Thursday, July 12, 2007

Rotational Grazing

There are a lot of really fantastic resources out there for anyone who is interested in learning more about rotational grazing. I credit Small-Scale Livestock Farming by Carol Ekarius for my inspiration and education on the subject. I took these three photos hoping to illustrate how we do our rotational grazing here. Unfortunately, the green of the new lush area is about the same green as the used up portion the sheep are grazing.
Because I don't have any permanent fencing yet, I use electronet during the grazing season. As soon as I can push the posts into the ground (approximately April) I put the sheep out. I'm usually able to keep them on pasture until we put breeding groups together around Thanksgiving. Two rolls are interlocked to form a large area for my ewe flock (8-12 sheep) and one roll is used for the rams and their buddies (2-4 sheep). Then I move the fencing according to how fast the grass is growing. If it is growing fast, I move the fencing every day. If it is slow growing, I move the sheep every other day-or every three days. Sometimes-like in drought or early spring/late fall, I do keep the sheep in one area for a few days and suppliment with hay. But that gives the other areas of pasture time to recover. Every few days the sheep get that bit of fresh grass.
The top photo in this series shows an area (left side)that the sheep have been moved out of and then it has been recently mowed. The right-hand side of the fencing, with the black ewe, is showing some ground that the sheep have grazed. You can see I've thrown in some aspen branches which the sheep have stripped.
The second photo shows the area the sheep have grazed (left side) and the area they will be moved into (right side). Because this forage is up to my chin in height, we use a regular lawn mower to mow a path for the fencing. This saves us a lot of time and makes a nice trail for the sheep. Plus, it almost completely eliminates the chance of grass shorting out the fence. We set the mower height to HIGH so it does not damage the growth.
The last photo shows the sheep in the used up pasture (front) with the new pasture behind the fence in the background. It's not clear, but the growth is quite a bit higher than the fencing itself. We can't even see the sheep in there until they've eaten it down a bit. (Disclaimer: this field was re-seeded last year. Not all of our grazing areas are this lush or tall.)
One of the best parts of rotational grazing: the sheep KNOW the routine. They stand expectantly along the fence waiting for that first access to the new ground. I can tell they are happy. They also tell me when it is time to move them. After they've removed about 50% of the forage they will start to baa when I come out of the house. Yes, they have plenty left to eat, but they know I move them frequently so they expect more.
Moving fence every day is a big commitment of time and energy. Whether we like it or not, it has to be done; even when it is pouring rain, when the mosquitos are fierce, or when we have invitations to do other things. It just has to be worked into our schedule. In fact, I would say that moving the fence dominates our summer schedule. We plan around it.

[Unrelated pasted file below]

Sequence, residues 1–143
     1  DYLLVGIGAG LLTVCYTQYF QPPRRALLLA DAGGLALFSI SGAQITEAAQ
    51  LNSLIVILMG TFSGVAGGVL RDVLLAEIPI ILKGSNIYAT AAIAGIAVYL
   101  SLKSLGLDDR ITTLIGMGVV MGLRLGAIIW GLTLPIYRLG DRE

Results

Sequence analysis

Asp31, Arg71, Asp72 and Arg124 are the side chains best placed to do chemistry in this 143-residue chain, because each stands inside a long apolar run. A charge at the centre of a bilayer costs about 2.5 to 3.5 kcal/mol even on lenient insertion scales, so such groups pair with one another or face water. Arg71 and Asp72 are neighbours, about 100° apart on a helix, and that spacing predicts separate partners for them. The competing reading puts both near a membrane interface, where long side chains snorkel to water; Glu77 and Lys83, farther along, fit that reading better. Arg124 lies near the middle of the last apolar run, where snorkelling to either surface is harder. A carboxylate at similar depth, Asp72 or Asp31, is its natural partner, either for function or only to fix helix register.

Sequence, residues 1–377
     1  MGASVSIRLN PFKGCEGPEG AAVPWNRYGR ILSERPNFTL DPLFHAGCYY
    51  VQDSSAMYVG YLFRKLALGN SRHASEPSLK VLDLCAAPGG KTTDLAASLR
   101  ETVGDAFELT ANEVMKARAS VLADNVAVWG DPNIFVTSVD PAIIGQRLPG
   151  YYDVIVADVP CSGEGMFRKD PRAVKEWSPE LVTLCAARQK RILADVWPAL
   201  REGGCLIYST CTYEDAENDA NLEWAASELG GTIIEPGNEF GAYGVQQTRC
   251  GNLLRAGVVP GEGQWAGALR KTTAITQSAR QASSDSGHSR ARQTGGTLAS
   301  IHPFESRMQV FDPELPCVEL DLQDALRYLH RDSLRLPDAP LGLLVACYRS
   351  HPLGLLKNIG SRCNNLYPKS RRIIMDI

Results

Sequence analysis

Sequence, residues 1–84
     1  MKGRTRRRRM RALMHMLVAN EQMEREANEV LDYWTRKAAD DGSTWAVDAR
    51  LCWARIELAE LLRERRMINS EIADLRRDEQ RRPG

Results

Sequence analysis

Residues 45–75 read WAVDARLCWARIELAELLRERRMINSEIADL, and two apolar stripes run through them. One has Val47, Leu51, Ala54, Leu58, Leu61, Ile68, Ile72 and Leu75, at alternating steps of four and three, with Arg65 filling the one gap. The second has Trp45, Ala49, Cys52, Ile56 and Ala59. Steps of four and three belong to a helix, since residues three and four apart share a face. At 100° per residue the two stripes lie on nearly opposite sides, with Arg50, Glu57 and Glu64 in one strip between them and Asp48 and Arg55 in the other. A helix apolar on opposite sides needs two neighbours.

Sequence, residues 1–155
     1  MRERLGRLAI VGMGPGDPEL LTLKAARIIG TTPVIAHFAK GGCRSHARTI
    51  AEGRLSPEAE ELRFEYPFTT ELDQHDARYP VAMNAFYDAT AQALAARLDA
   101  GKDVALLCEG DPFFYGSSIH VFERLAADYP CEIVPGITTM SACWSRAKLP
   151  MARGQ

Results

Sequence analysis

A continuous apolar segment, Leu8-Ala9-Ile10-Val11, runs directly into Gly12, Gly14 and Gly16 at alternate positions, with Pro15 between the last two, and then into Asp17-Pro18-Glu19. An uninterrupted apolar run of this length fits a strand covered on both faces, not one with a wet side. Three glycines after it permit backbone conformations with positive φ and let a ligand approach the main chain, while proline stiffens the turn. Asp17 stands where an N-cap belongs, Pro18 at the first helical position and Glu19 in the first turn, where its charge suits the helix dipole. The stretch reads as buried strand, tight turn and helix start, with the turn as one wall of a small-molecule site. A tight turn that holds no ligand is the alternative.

We are looking forward to installing some permanent fencing soon. The field in the above photos will be our first project. It will be so nice to be able to put the sheep in there and not have to move them quite as much. We might even be able to take a family trip with our extra time! But even so, after three years of moving electronet for grazing, I've witnessed too many benefits to give it up completely. So far I've been able to manage internal parasites in the flock with diatomacious earth and garlic/apple cider vinegar. I do use a commercial wormer occasionally, but not very often. And the sheep just love to get on an area that is brand new. I think their minds benefit from the stimulation of having new territory to explore frequently. It also breaks some of pasture chores into smaller bits: clearing the whole farm of dangerous plants would be daunting, but I can easily inspect the next paddock and pull up the few that might be growing there in just a couple of minutes. (I think a milkweed plant is shown in the second photo forground for example. Since I love Monarch butterflies, this method allows the plant and the sheep to live side by side for all but the one or two days the sheep move through. Yes, we do inspect the plants and transfer the caterpillars to other milkweed plants in the area-that is one of the boys' responsibilities.)
It's a lot of work. Plain and simple. I would love nothing better than to never leave the farm and let the flock management be my primary focus. Clancy and my sons have other priorities. Hence the need for some permanent fencing. So now my goal is to blend the idea of larger permanent pastures with the ideals of fast-paced flock movement. Little by little...I'll figure it out.

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